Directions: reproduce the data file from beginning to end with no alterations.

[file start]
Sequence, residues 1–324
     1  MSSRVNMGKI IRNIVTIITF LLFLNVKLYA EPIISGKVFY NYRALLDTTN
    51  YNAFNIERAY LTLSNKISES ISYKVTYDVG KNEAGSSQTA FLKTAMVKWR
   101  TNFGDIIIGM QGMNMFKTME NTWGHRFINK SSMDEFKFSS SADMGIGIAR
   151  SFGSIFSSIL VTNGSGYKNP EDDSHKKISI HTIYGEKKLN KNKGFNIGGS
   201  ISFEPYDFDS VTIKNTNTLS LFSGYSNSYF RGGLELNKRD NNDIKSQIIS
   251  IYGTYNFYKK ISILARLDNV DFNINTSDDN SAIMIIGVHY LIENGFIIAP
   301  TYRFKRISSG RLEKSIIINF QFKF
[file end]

Sequence, residues 1–324
     1  MSSRVNMGKI IRNIVTIITF LLFLNVKLYA EPIISGKVFY NYRALLDTTN
    51  YNAFNIERAY LTLSNKISES ISYKVTYDVG KNEAGSSQTA FLKTAMVKWR
   101  TNFGDIIIGM QGMNMFKTME NTWGHRFINK SSMDEFKFSS SADMGIGIAR
   151  SFGSIFSSIL VTNGSGYKNP EDDSHKKISI HTIYGEKKLN KNKGFNIGGS
   201  ISFEPYDFDS VTIKNTNTLS LFSGYSNSYF RGGLELNKRD NNDIKSQIIS
   251  IYGTYNFYKK ISILARLDNV DFNINTSDDN SAIMIIGVHY LIENGFIIAP
   301  TYRFKRISSG RLEKSIIINF QFKF